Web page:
Why do Babies Have a Crying Fit at the Same Time Each Night?
Nightly crying spells in a baby can frustrate and worry exhausted new parents. Crying spells may just be your baby’s way of releasing tension or may be a sign of colic, a harmless condition characterized by long bouts of crying. Although it may not be possible to stop the spells, making your baby more comfortable might help reduce crying.
Crying is the way babies communicate. While they can’t talk, they can let their caregivers know if they’re hungry, tired, wet or bored with their cries. The American Academy of Pediatrics reports that fussy periods are common between 6 p.m. and midnight, with these crying spells peaking at about 3 hours a day by six weeks of age and declining to 1 or 2 hours per day by three to four months. The Academy advises that nightly crying spells aren’t a reason for concern if the baby is relatively peaceful during the day and becomes calm after a few hours of crying.
Doctors classify crying spells as colic when a baby cries over 3 hours per day, 3 or more days per week for longer than 3 weeks. Colic generally stops when the baby is three or four months old, but in some cases, it can last as long as 6 months. If your baby has colic, he may experience frequent crying spells during the day and night, with the spells peaking during the evening. During these spells, nothing you do will comfort him or reduce the crying. When your baby cries, he may swallow air, which can cause gas. If he has gas, his stomach will appear bloated and firm, he may pull his legs tight against his body and you may hear or smell him pass gas.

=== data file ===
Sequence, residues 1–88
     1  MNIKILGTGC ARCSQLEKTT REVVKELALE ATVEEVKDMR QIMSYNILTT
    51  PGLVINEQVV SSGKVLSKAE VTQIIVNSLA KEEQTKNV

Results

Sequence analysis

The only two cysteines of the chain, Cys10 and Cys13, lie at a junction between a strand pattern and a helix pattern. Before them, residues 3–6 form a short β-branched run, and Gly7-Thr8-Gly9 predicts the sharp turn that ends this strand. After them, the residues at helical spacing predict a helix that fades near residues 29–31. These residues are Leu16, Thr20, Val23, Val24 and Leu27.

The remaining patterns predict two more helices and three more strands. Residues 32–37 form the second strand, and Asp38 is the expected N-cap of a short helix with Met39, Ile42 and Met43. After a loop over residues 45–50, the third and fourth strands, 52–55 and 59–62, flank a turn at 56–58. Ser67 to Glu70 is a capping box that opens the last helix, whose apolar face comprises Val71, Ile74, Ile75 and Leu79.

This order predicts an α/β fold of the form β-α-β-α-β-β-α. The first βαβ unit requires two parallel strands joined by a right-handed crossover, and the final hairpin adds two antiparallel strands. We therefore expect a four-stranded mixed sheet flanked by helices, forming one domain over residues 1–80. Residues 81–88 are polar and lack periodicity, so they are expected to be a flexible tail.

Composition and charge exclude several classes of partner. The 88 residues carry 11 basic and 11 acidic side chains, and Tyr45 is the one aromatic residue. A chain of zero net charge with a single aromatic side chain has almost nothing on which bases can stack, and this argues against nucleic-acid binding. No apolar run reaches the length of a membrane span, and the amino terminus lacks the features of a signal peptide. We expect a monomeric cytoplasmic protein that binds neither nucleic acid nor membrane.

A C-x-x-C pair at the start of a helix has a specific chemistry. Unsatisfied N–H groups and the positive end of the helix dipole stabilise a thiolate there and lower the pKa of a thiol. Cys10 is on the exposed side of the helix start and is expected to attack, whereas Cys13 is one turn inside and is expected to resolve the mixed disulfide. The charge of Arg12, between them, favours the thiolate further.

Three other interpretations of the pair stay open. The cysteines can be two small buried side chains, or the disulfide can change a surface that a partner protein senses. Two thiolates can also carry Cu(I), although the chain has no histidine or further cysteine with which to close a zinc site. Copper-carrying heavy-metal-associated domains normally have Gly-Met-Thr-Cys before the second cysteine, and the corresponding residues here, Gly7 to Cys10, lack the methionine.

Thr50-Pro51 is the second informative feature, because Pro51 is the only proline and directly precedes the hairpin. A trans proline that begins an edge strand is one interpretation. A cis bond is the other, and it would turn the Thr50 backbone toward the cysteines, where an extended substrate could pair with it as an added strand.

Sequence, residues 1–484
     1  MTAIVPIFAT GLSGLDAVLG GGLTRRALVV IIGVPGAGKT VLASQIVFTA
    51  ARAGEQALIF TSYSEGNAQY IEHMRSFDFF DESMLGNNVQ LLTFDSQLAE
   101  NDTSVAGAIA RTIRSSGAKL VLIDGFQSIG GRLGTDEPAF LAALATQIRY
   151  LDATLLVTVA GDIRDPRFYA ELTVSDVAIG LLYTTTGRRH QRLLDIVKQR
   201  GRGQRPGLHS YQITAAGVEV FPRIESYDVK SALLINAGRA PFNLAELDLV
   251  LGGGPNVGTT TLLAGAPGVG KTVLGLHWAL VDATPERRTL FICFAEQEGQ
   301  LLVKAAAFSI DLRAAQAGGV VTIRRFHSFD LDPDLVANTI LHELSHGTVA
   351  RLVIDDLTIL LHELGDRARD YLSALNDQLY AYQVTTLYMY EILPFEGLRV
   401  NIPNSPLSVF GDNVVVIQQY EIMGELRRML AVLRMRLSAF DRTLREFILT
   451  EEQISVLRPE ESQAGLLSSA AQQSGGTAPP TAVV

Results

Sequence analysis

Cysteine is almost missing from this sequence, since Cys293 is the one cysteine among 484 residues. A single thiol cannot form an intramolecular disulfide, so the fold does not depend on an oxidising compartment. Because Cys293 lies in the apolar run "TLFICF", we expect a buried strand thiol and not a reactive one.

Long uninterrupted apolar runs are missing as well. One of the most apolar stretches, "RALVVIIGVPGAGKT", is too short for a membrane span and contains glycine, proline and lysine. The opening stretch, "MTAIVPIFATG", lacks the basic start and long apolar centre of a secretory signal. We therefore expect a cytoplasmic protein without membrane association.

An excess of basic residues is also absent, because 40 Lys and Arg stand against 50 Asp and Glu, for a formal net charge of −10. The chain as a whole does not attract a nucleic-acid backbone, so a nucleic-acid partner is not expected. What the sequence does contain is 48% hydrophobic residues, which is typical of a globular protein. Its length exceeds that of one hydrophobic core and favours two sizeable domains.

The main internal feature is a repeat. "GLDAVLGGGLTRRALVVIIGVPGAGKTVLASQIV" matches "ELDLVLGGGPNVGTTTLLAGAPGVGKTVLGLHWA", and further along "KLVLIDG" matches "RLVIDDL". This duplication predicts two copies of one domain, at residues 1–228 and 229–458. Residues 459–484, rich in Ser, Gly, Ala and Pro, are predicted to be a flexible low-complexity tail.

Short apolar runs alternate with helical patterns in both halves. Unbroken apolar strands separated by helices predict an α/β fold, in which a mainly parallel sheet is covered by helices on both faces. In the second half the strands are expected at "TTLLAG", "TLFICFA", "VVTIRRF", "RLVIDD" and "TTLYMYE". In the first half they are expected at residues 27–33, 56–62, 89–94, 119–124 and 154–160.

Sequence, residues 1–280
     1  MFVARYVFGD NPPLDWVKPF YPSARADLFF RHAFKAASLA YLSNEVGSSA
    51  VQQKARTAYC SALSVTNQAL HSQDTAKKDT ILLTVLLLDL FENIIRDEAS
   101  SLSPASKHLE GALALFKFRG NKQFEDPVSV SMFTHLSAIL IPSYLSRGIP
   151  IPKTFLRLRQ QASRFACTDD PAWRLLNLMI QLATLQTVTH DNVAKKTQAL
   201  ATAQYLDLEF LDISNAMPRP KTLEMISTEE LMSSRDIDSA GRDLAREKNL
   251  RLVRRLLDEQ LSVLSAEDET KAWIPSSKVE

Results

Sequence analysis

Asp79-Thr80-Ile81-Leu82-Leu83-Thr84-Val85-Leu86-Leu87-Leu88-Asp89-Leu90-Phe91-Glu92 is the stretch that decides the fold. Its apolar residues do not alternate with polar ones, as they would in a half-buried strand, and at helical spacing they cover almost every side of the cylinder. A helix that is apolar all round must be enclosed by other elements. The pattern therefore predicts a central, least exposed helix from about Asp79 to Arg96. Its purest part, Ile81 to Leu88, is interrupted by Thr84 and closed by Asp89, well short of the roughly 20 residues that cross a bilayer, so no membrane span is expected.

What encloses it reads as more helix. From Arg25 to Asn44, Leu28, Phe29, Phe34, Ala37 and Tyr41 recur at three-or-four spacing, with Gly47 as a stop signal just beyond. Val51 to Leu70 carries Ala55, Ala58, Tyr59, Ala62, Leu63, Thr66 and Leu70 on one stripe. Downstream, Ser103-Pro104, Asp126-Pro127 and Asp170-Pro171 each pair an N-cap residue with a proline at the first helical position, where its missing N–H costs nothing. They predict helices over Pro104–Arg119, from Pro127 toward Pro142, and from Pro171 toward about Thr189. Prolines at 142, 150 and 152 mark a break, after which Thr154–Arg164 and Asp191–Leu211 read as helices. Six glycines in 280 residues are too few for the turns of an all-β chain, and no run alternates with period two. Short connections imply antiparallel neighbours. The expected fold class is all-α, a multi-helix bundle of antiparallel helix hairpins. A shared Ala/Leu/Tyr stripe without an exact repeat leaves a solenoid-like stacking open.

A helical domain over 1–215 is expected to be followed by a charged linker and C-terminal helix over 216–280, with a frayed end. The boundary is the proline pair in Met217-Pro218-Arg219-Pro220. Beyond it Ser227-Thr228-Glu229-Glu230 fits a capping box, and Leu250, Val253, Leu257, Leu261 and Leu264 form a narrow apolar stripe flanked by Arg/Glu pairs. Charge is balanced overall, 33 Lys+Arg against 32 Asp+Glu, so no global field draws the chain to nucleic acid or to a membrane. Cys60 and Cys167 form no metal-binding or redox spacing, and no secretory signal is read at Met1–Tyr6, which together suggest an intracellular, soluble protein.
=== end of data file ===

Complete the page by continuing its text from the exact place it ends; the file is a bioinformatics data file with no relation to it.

Although colic may just be a normal response of a nervous system that hasn’t quite matured yet, in some cases, it may occur if your baby is sensitive to certain foods you eat if you are breastfeeding. Avoid caffeine, milk products, cabbage and onions if you think your diet may be contributing to the problem. If any of these foods are contributing to colic, you will notice a gradual reduction in crying spells.
Soothing Your Child
Soothing your child requires some experimentation, as not all babies respond to the same methods. Some babies enjoy the security and warmth of being swaddled in a blanket, while others may find comfort in a pacifier. Changing the way you feed your baby may help reduce crying spells. FamilyDoctor.org suggests feeding your baby if more than two hours have passed since the last feeding, and feeding your baby more often with less food at a time. Some babies find certain sounds calming, including the sounds made by clothes dryers or vacuum cleaners. Others enjoy the feeling of motion and may enjoy car rides or the gentle motion of a baby swing.